Two friends at work were discussing an irritable, short-tempered co-worker. One of them said, “Yeah – he’s like a porcupine. He’s got a lot of fine points, but he’s hard to get close to.” Do you have somebody like that in your life? I feel certain most of us would say we do! Practically the whole world knows Jesus preached “love your enemies” and “love your neighbor as yourself” (Matthew 5:44a * Matthew 22:39). We also know He said, “God so loved the world that He gave His only begotten Son …” (John 3:16a). When it comes to love as a subject, Christian folk talk and discuss and think and sing about it a lot. And rightly so because the Scriptures already cited (and a truckload of others we could cite) talk about it a lot. The subject of “love” gets a lot of ink in the Bible and so it ought to play large in our writing and preaching and singing and daily living in the church. The Bible is saturated with teaching about God’s love for mankind and about His will that we love each other. After declaring that God manifested His love for us through both the incarnation and crucifixion of His Son (1 John 4:9-10), the apostle John rushes on to declare in 1 John 4:11, “Beloved, if God so loved us, we also ought to love one another.” The apostle Paul proclaimed a similar idea in Romans 5:8 – God “demonstrates His own love toward us, in that while we were sinners, Christ died for us.” Two verses earlier at verse 6, Paul describes those for whom Christ died (read you, me and everybody) as “ungodly.” Further, at verse 10 in the same chapter the apostle makes reference to Christ dying for us “when we were enemies” (think of it – we were “enemies” of God). Now, I don’t like to think of myself as a “sinner” or “ungodly” or as one of God’s “enemies” any more than you do. But God didn’t ask us whether we like it or not. He just had an inspired man write it down as a spiritual fact and reality. And so it stands written. Sin made it difficult for God to get close to me (and to you). And in so far as deserving God’s love and the gift of His Son, I not only didn’t have a lot of fine points, I didn’t have any (and neither did you). But He loved me – me the sinner, the ungodly, the enemy! And loving us He has “given Himself for us, an offering and a sacrifice to God for a sweet smelling aroma” (Ephesians 5:2). All of that is behind the Bible’s statement at 1 John 4:11 – “If God so loved us, we also ought to love one another.”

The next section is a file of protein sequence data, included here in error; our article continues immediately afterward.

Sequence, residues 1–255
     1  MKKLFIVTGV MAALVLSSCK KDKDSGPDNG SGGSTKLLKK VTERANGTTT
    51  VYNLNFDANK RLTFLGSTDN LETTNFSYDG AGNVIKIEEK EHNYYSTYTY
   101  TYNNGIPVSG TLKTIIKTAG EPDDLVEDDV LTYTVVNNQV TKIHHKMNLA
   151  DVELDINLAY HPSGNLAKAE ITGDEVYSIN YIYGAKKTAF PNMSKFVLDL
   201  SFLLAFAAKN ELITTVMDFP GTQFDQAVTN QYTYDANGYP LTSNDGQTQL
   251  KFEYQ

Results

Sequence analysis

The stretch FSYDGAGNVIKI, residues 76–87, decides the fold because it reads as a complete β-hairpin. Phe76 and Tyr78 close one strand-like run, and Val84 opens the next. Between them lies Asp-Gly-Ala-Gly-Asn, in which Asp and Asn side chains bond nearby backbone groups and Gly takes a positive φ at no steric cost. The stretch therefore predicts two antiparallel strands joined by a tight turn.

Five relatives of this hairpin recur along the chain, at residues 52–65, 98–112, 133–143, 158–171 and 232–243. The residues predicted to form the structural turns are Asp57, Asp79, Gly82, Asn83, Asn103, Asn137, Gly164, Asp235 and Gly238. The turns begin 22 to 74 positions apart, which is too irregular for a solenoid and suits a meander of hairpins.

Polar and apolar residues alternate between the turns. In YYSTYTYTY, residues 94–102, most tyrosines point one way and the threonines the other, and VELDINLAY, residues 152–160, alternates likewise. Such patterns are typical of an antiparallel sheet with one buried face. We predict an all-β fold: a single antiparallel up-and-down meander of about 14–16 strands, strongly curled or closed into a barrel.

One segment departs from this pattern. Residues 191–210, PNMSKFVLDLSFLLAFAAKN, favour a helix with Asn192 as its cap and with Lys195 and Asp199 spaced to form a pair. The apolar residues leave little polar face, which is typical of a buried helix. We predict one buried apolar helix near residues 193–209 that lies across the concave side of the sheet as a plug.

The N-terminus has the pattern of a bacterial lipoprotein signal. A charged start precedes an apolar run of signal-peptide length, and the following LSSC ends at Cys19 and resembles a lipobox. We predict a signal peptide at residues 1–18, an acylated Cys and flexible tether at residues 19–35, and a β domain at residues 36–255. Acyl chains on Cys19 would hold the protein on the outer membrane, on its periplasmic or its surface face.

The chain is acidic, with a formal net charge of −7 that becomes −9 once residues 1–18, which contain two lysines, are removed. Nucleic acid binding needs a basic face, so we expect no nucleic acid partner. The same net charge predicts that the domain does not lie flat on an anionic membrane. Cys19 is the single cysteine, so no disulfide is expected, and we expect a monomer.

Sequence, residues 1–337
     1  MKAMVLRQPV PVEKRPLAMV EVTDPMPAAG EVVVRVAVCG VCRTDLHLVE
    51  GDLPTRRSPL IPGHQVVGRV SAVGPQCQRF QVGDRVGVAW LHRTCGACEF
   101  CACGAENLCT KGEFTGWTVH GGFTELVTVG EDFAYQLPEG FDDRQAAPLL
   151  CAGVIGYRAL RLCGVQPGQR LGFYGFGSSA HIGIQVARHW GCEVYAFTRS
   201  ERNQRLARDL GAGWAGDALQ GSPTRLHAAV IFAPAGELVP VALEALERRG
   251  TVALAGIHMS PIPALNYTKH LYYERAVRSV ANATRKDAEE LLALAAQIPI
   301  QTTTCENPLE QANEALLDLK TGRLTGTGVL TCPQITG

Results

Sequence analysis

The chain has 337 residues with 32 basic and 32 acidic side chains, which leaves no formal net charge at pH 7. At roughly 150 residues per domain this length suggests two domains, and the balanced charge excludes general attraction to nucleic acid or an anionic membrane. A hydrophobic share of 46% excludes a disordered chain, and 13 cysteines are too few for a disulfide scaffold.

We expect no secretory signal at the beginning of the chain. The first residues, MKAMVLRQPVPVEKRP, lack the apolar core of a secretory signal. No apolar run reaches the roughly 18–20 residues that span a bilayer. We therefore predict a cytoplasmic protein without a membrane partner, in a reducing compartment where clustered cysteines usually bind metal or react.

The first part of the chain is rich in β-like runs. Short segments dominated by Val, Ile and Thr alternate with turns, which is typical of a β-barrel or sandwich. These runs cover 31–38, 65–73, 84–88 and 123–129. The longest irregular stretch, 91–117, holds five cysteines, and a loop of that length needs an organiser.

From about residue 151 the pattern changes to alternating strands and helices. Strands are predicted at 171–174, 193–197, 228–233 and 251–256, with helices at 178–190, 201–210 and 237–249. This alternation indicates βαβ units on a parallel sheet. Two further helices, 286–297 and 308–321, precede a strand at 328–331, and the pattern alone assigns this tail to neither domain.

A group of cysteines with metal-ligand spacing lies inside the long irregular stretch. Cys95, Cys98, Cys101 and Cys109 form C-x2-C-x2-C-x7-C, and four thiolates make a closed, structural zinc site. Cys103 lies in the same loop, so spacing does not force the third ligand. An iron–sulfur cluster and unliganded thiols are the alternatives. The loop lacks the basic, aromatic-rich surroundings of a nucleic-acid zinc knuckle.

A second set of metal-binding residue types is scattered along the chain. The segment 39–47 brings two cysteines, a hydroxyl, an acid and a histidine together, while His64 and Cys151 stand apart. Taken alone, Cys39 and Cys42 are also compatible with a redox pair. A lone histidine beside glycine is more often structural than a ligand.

Add to all these Bible statements this one from Hebrews 13:1 –”Let brotherly love continue.” It’s not enough to begin to love or love someone when loving is easy to do. If our love is to please God and make us more like Him, love must be more, so much more, than a topic for Bible study or a song we sing on Sunday! Hebrews 13:1 in the The Amplified Bible lays it out in clear terms – “Let love for your fellow believers continue and be a fixed practice with you – never let it fail.” Sometimes our Christian love needs a shot of adrenaline. We worship a God whose love caused Him to send His Son to die the most shameful, torturous death imaginable. We hear Jesus demanding that we love and do good to our enemies (Matthew 5:44). Meanwhile, we struggle to muster enough love to be civil and kind and to speak and do good to our mate or our neighbor or someone on the other side of the church building! We may be guilty of eating at the Lord’s Table with someone we won’t speak to in the foyer. When that’s the case, our Christian love needs fixing! God’s love toward us is a fixed practice. Is your brotherly love broken? If so, why not let God help you fix it?